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Barney Finucane

Welcome to my BeyeNETWORK blog. My main goal here is to address hype issues that come up in the Internet, not to provide any overview of the BI market itself. I look forward to any questions or comments you may have.

About the author >

Barney Finucane has extensive experience in the BI industry. As a consultant, he has supported companies in the chemical, energy and manufacturing sector with the introduction of BI software. As product manager for the company MIS, he was responsible for the front-end products Plain and onVision, and kept a keen eye on projects and tools from other vendors. His areas of speciality include tool selection, quality assurance for BI, data warehouse strategies and their architectures.

I recently blogged about columnar and Wayne Eckerson asked me for a clearer explanation of what I mean by columnar databases "discovering hierarchies".

For example consider the approach of two well known products, IBM Cognos TM1, which is multidimensional, and QlikView, which is columnar.

My definition of a data model is a structure that is informed by an administrator, or set down in the master data. To me this is different to a structure derived from analyzing the transactions. In the following simple example, let's say I have two sales teams, one for dental hygiene products and one for soap.

If I were designing a data model in TM1, then I could create a hierarchy, which is a set of parent child relationships between the departments and the products they sell. If the soap people cross-sold some toothpaste, it would have no effect on the hierarchy, because it is predetermined by my idea of how my company is supposed to work.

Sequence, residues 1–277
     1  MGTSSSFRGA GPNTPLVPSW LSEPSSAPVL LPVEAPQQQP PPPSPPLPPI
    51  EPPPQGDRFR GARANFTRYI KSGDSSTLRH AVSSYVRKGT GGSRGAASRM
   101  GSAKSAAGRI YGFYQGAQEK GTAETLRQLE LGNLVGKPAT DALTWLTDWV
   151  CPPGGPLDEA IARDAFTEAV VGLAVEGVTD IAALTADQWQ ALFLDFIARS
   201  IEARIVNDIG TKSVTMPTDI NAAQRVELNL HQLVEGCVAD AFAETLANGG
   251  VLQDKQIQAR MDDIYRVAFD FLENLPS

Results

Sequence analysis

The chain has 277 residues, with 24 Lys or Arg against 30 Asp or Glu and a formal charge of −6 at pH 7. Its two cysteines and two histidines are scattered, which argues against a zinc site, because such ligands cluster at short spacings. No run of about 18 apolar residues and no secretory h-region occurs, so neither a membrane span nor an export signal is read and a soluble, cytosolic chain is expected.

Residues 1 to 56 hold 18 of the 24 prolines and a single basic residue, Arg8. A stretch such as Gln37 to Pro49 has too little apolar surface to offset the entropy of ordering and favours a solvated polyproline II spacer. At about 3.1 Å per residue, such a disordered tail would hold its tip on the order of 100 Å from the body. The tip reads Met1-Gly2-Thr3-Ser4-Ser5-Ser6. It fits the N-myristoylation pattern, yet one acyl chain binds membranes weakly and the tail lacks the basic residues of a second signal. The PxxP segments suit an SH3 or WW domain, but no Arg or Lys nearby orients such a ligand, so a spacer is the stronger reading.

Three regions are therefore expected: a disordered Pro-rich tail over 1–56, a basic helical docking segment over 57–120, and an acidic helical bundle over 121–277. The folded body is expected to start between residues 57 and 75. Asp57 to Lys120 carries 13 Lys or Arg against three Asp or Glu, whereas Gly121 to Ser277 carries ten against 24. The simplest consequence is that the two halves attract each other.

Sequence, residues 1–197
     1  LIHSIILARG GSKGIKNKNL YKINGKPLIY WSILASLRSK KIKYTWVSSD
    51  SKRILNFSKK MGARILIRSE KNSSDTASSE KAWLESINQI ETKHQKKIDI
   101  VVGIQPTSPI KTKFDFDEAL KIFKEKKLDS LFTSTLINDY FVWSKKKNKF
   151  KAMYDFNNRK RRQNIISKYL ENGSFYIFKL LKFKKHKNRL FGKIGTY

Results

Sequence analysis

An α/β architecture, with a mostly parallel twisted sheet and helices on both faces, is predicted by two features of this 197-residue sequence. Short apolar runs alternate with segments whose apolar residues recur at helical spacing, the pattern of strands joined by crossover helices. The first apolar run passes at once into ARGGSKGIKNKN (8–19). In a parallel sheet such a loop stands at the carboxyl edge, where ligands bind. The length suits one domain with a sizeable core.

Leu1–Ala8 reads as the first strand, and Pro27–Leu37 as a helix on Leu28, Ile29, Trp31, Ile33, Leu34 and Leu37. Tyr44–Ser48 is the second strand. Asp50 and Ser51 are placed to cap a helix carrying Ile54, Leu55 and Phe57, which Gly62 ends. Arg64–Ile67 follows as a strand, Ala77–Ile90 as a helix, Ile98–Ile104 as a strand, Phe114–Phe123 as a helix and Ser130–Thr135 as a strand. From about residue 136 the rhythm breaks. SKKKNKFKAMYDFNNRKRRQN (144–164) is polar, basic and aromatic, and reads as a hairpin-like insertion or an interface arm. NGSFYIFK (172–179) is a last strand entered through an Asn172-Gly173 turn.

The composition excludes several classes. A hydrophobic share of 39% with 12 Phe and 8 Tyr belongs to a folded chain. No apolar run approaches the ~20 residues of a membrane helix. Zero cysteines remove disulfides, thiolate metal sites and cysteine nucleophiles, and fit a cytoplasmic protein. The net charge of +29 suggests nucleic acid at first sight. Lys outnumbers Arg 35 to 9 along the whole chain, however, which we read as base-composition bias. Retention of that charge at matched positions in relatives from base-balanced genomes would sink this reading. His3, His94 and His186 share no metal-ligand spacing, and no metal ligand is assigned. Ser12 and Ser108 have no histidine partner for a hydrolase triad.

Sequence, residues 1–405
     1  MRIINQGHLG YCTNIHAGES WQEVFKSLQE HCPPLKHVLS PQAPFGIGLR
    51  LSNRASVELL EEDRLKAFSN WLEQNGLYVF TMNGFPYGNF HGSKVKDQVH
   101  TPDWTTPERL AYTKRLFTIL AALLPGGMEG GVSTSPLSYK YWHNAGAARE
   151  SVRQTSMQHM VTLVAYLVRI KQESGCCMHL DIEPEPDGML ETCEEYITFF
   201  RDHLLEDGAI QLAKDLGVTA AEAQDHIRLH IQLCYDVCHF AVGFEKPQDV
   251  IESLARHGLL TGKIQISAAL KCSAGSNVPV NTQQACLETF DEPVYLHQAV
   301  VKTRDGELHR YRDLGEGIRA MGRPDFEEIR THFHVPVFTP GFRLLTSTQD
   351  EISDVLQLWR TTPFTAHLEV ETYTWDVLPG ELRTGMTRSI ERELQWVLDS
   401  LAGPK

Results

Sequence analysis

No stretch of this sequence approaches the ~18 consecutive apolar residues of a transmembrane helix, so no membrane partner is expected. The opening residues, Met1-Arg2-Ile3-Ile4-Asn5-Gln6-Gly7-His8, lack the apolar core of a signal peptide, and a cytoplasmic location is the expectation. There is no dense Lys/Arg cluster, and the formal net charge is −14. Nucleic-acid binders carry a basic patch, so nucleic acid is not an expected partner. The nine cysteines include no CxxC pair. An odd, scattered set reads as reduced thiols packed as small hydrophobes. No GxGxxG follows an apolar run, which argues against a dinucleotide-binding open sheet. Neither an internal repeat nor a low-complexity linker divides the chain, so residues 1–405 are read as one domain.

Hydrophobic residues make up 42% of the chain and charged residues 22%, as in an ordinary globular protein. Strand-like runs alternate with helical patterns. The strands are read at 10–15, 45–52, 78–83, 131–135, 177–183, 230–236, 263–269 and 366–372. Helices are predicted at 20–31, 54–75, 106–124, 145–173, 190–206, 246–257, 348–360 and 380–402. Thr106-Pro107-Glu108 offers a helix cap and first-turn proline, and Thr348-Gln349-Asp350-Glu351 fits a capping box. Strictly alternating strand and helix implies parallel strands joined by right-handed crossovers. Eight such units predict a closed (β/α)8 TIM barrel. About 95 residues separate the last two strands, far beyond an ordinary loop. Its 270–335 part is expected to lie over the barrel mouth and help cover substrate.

If I were to import the same data in QlikView I could create a report that showed me the relationship between the sales teams and the products without defining the model. Once the data is imported, QlikView recognizes the relationships automatically.

When the soap guys cross-sell toothpaste, QlikView discovrs the new relationship, but the hierarchies stay the same in TM1, because that's how I defined the model. To me this is the key difference. On the one hand the structures are coming directly from the actuals, and on the other hand they reflect my predefined perception (or "model") of what is going on.

So columnar databases typically discover the relationships automatically, and multidimensional databases allows you to define the relationships as you want them. Another way to look at this is that the transactional data drives the master data structure in a colunmar database, but those structures are wired into the multidimensional model.

So which approach is better? It depends on the application.

Posted July 9, 2011 11:47 AM
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